It could be difficult for human civilization to survive a global catastrophe like rapid climate change, nuclear war, or a pandemic disease outbreak. But imagine if two catastrophes strike at the same time. The damages could be even worse. Unfortunately, most research only looks at one catastrophe at a time, so we have little understanding of how they interact.



Cognitive Enhancement Memory Management: Retrieval and Blocking

by Melanie Swan

One familiar notion of cognitive enhancement is prescription drugs that boost focus and concentration: ADHD (attention-deficit hyperactivity disorder) medications like Modafinil, Ritalin, Concerta, Metadate, and Methylin [1], and amphetamines like Adderall, Dexedrine, Benzedrine, Methedrine, Preludin, and Dexamyl [1-3].



How Should Humanity Steer the Future?

by Rick Searle

Over the spring the Fundamental Questions Institute (FQXi) sponsored an essay contest the topic of which should be dear to this audience’s heart- How Should Humanity Steer the Future? I thought I’d share some of the essays I found most interesting, but there are lots, lots, more to check out if you’re into thinking about the future or physics, which I am guessing you might be.



Revolutionary Independence

by Richard Eskow

The event we celebrate on the Fourth of July is not America’s victory over Great Britain. The British weren’t defeated until September 3, 1783. July 4, 1776 is the day the Continental Congress ratified the Declaration of Independence.



5 Signs the U.S. Is Failing to Protect Women’s Rights in the Workplace

by Richard Eskow

The Prime Minister of Morocco recently compared women to “lanterns” or “chandeliers,” saying that “when women went to work outside, the light went out of their homes.” His remarks, which ran counter to Morocco’s constitutionally-guaranteed rights for women, promptly provoked both street demonstrations and an “I’m not a chandelier” Twitter hashtag.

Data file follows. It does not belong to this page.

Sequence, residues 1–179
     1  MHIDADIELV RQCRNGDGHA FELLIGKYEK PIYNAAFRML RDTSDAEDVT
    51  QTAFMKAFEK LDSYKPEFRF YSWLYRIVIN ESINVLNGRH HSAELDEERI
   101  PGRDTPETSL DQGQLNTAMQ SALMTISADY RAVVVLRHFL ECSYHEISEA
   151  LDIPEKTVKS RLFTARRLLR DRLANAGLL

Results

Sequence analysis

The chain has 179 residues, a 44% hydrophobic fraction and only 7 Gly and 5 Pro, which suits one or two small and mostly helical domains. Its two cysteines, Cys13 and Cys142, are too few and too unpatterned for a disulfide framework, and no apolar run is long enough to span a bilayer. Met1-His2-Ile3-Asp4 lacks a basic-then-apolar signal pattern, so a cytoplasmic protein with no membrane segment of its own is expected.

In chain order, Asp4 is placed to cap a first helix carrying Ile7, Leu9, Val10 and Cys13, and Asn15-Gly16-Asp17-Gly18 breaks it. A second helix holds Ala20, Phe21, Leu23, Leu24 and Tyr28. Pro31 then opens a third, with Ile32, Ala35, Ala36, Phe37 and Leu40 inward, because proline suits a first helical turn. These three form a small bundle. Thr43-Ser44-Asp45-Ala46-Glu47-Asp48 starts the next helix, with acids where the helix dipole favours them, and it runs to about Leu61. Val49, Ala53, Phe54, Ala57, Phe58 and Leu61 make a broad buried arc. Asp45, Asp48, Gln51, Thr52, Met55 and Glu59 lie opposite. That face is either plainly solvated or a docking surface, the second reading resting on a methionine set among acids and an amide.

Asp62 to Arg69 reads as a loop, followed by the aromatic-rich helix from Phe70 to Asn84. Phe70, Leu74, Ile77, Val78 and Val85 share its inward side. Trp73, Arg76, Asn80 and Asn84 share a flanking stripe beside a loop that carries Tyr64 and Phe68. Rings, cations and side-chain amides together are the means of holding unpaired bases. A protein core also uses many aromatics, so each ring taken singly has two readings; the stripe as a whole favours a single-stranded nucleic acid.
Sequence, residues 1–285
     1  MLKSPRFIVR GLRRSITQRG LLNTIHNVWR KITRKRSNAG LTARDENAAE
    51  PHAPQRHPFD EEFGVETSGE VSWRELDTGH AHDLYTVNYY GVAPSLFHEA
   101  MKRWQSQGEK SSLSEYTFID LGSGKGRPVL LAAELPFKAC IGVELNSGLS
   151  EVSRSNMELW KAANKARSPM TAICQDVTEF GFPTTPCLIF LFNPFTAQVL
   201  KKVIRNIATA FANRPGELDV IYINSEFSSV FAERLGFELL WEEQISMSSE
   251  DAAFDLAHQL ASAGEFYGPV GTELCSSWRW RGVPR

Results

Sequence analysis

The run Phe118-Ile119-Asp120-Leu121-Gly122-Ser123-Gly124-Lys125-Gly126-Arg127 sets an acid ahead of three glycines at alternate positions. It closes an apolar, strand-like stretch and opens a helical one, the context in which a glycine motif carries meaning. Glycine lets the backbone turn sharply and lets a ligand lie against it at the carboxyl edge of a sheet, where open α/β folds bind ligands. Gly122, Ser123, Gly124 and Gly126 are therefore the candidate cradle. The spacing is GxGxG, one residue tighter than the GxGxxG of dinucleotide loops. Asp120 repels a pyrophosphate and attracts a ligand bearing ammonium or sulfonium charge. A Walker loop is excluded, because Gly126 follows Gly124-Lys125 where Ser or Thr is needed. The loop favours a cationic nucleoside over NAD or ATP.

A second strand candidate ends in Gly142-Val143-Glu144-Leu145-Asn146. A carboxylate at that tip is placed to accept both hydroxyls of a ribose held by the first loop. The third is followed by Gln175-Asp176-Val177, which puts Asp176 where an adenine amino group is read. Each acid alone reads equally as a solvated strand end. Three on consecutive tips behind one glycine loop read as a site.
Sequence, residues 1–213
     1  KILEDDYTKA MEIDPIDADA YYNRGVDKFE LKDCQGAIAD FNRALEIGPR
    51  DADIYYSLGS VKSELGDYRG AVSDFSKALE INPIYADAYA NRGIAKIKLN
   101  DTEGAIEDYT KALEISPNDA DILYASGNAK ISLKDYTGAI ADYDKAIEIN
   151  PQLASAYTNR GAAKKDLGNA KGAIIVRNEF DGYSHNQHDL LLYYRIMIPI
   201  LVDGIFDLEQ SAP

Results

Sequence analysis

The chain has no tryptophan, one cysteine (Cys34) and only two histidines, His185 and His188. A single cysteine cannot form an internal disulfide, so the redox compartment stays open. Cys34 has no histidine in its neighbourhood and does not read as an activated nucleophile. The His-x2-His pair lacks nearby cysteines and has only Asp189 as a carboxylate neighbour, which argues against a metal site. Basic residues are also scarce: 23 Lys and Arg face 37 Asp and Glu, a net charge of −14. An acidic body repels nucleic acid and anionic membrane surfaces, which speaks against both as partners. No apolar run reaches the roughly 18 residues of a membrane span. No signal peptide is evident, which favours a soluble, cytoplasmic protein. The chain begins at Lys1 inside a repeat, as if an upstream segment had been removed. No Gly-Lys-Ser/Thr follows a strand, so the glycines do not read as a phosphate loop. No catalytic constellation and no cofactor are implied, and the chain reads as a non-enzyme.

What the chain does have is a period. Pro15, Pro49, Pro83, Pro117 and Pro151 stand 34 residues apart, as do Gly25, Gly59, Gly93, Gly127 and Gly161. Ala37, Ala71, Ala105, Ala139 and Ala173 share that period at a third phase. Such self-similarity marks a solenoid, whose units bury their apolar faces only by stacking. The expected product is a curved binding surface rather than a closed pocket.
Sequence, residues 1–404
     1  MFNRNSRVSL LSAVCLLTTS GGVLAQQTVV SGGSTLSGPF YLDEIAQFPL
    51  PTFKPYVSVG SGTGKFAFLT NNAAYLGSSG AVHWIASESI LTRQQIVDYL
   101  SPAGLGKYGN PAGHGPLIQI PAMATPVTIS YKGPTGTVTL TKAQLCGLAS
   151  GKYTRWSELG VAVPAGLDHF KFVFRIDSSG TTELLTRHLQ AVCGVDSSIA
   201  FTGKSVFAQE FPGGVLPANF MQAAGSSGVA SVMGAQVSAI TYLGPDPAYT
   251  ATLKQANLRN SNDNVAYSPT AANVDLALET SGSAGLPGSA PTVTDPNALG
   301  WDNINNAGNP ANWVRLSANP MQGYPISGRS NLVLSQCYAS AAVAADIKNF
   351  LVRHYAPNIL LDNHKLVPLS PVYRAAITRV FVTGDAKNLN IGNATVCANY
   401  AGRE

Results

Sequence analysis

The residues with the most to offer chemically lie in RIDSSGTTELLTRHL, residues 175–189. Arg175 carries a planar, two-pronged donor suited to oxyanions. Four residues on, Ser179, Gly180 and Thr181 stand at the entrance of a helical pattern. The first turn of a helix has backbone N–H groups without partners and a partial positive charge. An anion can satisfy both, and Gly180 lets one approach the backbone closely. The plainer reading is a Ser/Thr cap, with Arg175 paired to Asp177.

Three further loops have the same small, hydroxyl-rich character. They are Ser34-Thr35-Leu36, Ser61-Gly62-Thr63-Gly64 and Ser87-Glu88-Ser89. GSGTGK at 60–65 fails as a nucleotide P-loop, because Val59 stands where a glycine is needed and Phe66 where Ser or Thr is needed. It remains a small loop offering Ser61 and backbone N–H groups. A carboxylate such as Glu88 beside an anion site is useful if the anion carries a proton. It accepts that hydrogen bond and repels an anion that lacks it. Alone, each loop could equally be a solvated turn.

Wild ride ahead: glimpse at humanity’s long range future

by Dick Pelletier

Imagine if you could take an exotic vacation billions of light years from Earth, peek in on the dinosaurs’ first-hand, or jump into a parallel universe where another you is living a more exciting life than yours; and you could swap places if you like.



Malthusian Fiction and Fact

by Rick Searle

Prophecies of doom, especially when they’re particularly frightening, have a way of sticking with us in a way more rosy scenarios never seem to do. We seem to be wired this way by evolution, and for good reason.  It’s the lions that almost ate you that you need to remember, not the ones you were lucky enough not to see. Our negative bias is something we need to be aware of, and where it seems called for, lean against, but that doesn’t mean we should dismiss and ignore every chicken little as a false prophet even when his predictions turn out to be wrong, not just once, but multiple times. For we can never really discount completely the prospect that chicken little was right after all, and it just took the sky a long, long time to fall.



Extending Legal Protection to Social Robots

by Kate Darling

“Why do you cry, Gloria? Robbie was only a machine, just a nasty old machine. He wasn’t alive at all.”
“He was not no machine!” screamed Gloria fiercely and ungrammatically. “He was a person like you and me and he was my friend.” Isaac Asimov (1950). Most discussions of “robot rights” play out in a seemingly distant, science-fictional future. While skeptics roll their eyes, advocates argue that technology will advance to the point where robots deserve moral consideration because they are “just like us,” sometimes referencing the movie Blade Runner. Blade Runner depicts a world where androids have human-like emotions and develop human-like relationships to the point of being indistinguishable from people. But Do Androids Dream of Electric Sheep, the novel on which the film is based, contains a small, significant difference in storyline…



How The Missing Biography of Satoshi Nakamoto Impacts the World at Large

by Nikki Olson